Since the Guttmacher Institute’s strategy on unintended pregnancy seems unlikely to work, their strategy for reducing maternal mortality would seem to hinge on dealing with unsafe abortion. The exact percentage of maternal mortality in Uganda attributable to abortion is hard to pin down: Guttmacher cites an unpublished report from the 1990s claiming a rate of 21% and a statement by the Minister of Health in 2008 claiming 26%. However, when Uganda’s Ministry of Health issued its annual report for 2011-2012, they attributed 13% of maternal deaths to abortion, which is consistent with global estimates, and, in fact, lower than the 18% rate the World Health Organization (WHO) cites for the East African region, which includes Uganda.
In addition to the Guttmacher Institute, the Center for Reproductive Rights also relies on the highest available estimate of maternal mortality due to abortion. Once again, their goal is explicit: “increasing access to safe abortion services.”
It seems that Uganda does not share their priorities. Uganda’s health ministry has been clear in defining the interventions that will improve maternal mortality. From their Strategic Plan for 2010/11-2014-15 (PDF):
“The main factors responsible for maternal deaths relate to the three delays – delay to seek care, delay to reach facilities and intra-institutional delay to provide timely and appropriate care. Slow progress in addressing maternal health problems in Uganda is due to lack of HR, medicines and supplies and appropriate buildings and equipment including transport and communication equipment for referral.”
In other words, general improvements in medical infrastructure and transportation, the same things that have reduced maternal mortality or kept it low in many countries with laws restricting or prohibiting abortion, such as Ireland, Malta, and Sri Lanka. WHO researchers point out that in Latin America, good healthcare infrastructure “has kept the mortality relatively low in Latin America, and the unsafe abortion case fatality rate is just about equal to that in Europe,” despite the lack of liberal abortion laws in the region.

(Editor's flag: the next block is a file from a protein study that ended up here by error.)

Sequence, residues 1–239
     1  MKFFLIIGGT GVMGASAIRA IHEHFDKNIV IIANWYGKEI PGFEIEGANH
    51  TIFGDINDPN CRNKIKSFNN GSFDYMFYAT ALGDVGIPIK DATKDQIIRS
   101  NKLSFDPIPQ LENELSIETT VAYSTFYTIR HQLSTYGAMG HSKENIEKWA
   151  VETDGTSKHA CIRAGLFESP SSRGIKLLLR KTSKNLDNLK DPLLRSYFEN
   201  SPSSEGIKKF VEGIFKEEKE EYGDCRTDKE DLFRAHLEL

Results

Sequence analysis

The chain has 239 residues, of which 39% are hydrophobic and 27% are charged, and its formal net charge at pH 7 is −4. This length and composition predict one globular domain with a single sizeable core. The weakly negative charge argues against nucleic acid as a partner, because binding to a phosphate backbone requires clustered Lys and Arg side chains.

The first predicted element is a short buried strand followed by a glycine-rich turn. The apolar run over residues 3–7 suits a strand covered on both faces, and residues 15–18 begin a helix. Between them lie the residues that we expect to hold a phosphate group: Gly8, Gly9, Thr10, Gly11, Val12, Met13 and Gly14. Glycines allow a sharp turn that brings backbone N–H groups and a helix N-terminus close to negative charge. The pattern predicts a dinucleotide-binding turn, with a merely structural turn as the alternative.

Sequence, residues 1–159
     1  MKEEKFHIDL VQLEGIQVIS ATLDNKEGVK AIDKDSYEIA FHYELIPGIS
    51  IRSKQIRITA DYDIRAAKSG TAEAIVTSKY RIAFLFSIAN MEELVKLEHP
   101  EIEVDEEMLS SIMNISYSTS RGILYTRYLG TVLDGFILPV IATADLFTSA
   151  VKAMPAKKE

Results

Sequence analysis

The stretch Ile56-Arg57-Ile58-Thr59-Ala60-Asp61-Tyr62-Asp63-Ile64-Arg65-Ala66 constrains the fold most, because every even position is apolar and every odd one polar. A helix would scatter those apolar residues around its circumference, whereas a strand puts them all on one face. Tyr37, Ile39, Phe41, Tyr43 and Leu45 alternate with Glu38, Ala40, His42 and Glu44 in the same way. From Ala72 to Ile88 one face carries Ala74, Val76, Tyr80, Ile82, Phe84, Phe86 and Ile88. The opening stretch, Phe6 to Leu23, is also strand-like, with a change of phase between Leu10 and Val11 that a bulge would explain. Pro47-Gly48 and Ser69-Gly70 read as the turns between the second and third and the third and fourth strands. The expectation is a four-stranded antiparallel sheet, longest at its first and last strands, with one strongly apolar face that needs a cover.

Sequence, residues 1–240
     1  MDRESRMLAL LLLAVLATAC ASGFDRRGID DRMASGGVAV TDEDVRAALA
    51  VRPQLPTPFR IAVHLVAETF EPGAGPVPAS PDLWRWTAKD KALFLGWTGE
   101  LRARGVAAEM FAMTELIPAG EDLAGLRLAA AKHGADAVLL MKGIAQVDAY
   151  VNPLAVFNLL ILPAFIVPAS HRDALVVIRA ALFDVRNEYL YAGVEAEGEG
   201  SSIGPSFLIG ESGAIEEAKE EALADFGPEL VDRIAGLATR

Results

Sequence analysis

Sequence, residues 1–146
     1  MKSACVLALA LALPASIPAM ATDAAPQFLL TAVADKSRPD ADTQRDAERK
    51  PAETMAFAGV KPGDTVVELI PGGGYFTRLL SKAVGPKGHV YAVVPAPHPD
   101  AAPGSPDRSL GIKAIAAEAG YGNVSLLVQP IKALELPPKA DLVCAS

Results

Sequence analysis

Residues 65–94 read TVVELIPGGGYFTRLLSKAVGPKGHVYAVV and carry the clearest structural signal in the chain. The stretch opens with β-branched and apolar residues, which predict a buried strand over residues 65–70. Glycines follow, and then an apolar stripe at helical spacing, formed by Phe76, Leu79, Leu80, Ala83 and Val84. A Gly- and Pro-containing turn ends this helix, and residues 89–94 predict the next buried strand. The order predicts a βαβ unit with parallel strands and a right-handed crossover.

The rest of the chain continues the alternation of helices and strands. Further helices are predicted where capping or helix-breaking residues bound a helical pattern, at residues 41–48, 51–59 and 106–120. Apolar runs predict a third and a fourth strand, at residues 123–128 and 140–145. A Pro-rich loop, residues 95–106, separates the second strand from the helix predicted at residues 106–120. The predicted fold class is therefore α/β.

If the Guttmacher Institute or the Center for Reproductive Rights were truly serious about saving women’s lives in Uganda, they would not rely on relatively unsubstantiated (and certainly debatable) numbers on abortion-related maternal mortality simply because they are the highest available estimates. To do so would be to risk underestimating the rates at which other complications occur, like hemorrhage or infection or underlying health problems caused by poor nutrition, such as anemia. Furthermore, promoting access to abortion would do nothing to improve the overall status of health care in Uganda, to say nothing of ensuring access to good roads and bridges that are crucial in ensuring prompt medical attention for everyone, including expectant mothers.
Ultimately, the focus on Uganda from these pro-abortion groups comes down to one very important fact. As the Guttmacher report helpfully points out in its opening sentence:
“Uganda, a country of nearly 35 million (including 8 million women of reproductive age), has one of the highest rates of population growth in the world.”
And, what’s more, the Ugandan people don’t seem to share Guttmacher’s view that this is a bad thing:
“Although desired fertility is declining, many Ugandans still want large families and do not approve of abortion.”
The Guttmacher Institute is using questionable data to push a flawed agenda on a country that does not require its help to establish sound health priorities.